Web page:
Lacamas Lake Regional Park, 3344 NE Everett St., Camas, Wash. Park open 7 am-dusk.
25 minutes from Portland: Take Interstate 205 north to Washington and then take Exit 27 at Route 14 east. Follow Northwest 6th Avenue east toDivision Street. Take a left on Division Street, a right on Northeast17th Avenue and a left to go north on Washington State Route 500. Thepark will be on the right.
The name refers to (rumored) nude sunbathing, but another kind of daredevil generally frequents Naked Falls. The swimming hole's principal attraction—besides the beautiful, crystal-clear Washougal River—is a 30-foot cliff for jumping into a section of deep, moderately flowing water. But even if you're not keen on that idea, there are plenty of other attractions—smaller falls for sliding or sitting in pools, a bridge with a rope swing, and plenty of large rocks for reading, napping and basking in the sun. The falls' accessibility from Washougal and proximity to several campgrounds attracts a good-sized crowd, but you can always walk downriver and pick huckleberries if you start feeling a bit cramped. ADRIENNE SO.
1 hour from Portland: From Interstate 5 north, cross the Columbia River and take Exit 1A to Camas. This road becomes Washington 14. Turn left on Washougal River Road and follow signs to Dougan Falls. Follow the gravel road past Dougan Falls for approximately two miles. The access point is on the right. No Northwest Forest Pass required.
The Gorge's best swimming spot requires that you overcome two kinds of logjams: a literal one, in the form of a high-piled stack of trees, and a human one, made of camera-toting dingbats more concerned with snapping a photo than the dangers of walking on slippery wood. Overcoming both is worth it. The next task on your quest involves a short, frigid hike through chest-deep water as you're sandwiched between mossy cliff faces that block most light. You emerge in front of a towering waterfall with a perfect pool for low-danger cliff diving. The day's heat will determine how long you stay, but if you time it right, the sun shines on you in relative peace, since the small amount of scrambling it takes to find the spot causes tourists to turn back and make haste for Multnomah Falls. AP KRYZA.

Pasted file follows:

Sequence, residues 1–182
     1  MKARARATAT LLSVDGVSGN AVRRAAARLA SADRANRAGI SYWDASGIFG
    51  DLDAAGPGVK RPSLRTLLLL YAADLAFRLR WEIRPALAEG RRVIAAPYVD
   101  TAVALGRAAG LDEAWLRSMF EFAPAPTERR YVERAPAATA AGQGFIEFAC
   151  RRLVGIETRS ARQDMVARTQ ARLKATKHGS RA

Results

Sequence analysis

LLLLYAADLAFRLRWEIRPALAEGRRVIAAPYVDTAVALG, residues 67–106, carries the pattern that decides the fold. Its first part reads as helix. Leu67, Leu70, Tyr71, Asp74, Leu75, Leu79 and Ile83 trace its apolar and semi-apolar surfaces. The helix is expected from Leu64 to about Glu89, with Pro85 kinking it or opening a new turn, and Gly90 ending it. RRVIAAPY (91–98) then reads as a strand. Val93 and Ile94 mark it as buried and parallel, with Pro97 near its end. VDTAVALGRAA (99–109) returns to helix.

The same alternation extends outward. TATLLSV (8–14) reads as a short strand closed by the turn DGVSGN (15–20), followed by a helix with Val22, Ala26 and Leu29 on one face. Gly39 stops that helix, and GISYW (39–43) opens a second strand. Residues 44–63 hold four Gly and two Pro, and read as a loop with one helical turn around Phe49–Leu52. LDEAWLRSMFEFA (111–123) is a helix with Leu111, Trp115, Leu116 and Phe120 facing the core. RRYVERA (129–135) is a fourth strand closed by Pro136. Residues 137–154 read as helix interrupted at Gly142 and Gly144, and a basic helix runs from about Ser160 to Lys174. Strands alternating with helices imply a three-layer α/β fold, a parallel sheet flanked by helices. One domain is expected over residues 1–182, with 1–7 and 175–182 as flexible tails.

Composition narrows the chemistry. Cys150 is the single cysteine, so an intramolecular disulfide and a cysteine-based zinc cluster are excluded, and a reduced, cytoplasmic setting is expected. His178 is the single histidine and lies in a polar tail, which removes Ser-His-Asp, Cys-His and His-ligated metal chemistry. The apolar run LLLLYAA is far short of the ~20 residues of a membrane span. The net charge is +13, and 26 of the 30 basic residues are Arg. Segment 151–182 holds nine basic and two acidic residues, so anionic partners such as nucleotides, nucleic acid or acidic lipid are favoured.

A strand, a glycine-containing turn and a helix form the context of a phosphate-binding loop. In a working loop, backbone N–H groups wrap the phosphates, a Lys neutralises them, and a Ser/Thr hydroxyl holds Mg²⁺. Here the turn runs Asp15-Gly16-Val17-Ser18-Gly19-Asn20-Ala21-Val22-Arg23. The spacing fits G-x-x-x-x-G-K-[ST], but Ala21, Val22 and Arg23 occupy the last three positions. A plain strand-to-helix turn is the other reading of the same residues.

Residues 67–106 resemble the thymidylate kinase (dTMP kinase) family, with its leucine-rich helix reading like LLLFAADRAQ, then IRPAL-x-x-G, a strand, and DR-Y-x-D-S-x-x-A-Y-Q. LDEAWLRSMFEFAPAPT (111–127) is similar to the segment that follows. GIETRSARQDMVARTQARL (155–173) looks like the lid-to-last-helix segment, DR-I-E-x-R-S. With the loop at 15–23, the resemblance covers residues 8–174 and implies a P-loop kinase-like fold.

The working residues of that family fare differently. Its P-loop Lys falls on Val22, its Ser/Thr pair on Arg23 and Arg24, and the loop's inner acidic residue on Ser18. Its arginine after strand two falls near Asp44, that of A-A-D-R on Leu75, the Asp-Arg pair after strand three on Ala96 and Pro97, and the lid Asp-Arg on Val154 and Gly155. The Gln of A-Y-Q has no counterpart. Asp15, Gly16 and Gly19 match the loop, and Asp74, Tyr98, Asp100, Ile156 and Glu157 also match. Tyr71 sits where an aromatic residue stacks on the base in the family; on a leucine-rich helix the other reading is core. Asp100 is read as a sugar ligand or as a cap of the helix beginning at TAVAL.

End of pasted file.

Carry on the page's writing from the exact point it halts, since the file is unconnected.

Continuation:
40 minutes from Portland: Take I-84 east to the Old Gorge Highway (or to the Multnomah Falls exit, if you hate scenic beauty with slow traffic), continue east past Multnomah Falls and look for the gigantic, non-operational railroad tunnel on the south side of the road marked Oneonta Gorge. If you reach Horsetail Falls, you've gone too far.
Once the go-to place for rednecks to make the news by drowning in front of large groups of people, the danger level has been drastically reduced at Gladstone's High Rocks by the addition of lifeguards, but the scene remains a menagerie of urban and rural archetypes. The name refers to the sizable basalt rock platforms, where people lounge like tallboy-swilling lizards or rocket into the cold, cold water, which makes it an essential spot for anyone within 30 minutes of the pool as soon as the temperature spikes. And by everyone, we mean everyone: shithead teenagers wearing mesh hats both unironically and ironically, stuffy city dwellers making snide remarks and potbellied dudes using PBR as a bronzing agent who somehow execute cliff dives worthy of a Mexican spring-break resort. It might be crowded, but that's kind of what makes it incredible. AP KRYZA.
25 minutes from Portland: Take I-205 south to Gladstone, Exit 11. Continue south on 82nd Drive, take a right on Columbia Avenue, a left on 1st Street, and another left on Yale Avenue.
Lewisville Regional Park
Out past signs for the Vancouver Rodeo, in the land of hubcap-less Dodge minivans, sits Lewisville Regional Park. (It's on the Lewis River in unincorporated Lewisville.) The park itself is much like any suburban center of Lions Club pancake breakfasts, youth sports contests and Labrador walking, complete with a warren of colorful birdhouses and a "no golfing" sign. But tucked away behind all those picnic shelters decorated with "C-O-N-G-R-A-T-S" and "H-A-P-P-Y B-I-R-T-H-D-A-Y" banners, just outside a Little League field where giant men in sleeveless T-shirts smack softballs around, you find a massive, grassy patch that functions as a beach for a pretty bend in the river. There's plenty of shade on the banks, which are well-kept. The current is gentle and there's plenty of parking. MARTIN CIZMAR.
1 hour from Portland: Take I-5 north to Exit 9 for Northeast 179th Street/Washington 502. Follow 502 until it turns left onto Northeast 10th Avenue/Washington-503. The park will be on your right. For best results, go to the Larch area. Parking is $3.